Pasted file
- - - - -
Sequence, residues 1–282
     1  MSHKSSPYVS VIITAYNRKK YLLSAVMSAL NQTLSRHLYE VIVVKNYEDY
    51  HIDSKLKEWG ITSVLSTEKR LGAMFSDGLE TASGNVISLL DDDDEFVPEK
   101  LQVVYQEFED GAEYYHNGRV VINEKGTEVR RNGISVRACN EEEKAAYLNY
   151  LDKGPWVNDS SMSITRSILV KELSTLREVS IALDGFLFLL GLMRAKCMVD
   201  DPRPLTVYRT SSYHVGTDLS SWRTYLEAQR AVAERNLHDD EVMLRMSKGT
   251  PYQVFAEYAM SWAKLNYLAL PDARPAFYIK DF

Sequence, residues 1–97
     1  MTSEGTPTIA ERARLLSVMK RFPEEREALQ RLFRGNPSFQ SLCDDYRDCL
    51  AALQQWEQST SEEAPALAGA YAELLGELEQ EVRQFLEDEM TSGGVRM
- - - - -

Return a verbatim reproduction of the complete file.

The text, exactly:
Sequence, residues 1–282
     1  MSHKSSPYVS VIITAYNRKK YLLSAVMSAL NQTLSRHLYE VIVVKNYEDY
    51  HIDSKLKEWG ITSVLSTEKR LGAMFSDGLE TASGNVISLL DDDDEFVPEK
   101  LQVVYQEFED GAEYYHNGRV VINEKGTEVR RNGISVRACN EEEKAAYLNY
   151  LDKGPWVNDS SMSITRSILV KELSTLREVS IALDGFLFLL GLMRAKCMVD
   201  DPRPLTVYRT SSYHVGTDLS SWRTYLEAQR AVAERNLHDD EVMLRMSKGT
   251  PYQVFAEYAM SWAKLNYLAL PDARPAFYIK DF

Sequence, residues 1–97
     1  MTSEGTPTIA ERARLLSVMK RFPEEREALQ RLFRGNPSFQ SLCDDYRDCL
    51  AALQQWEQST SEEAPALAGA YAELLGELEQ EVRQFLEDEM TSGGVRM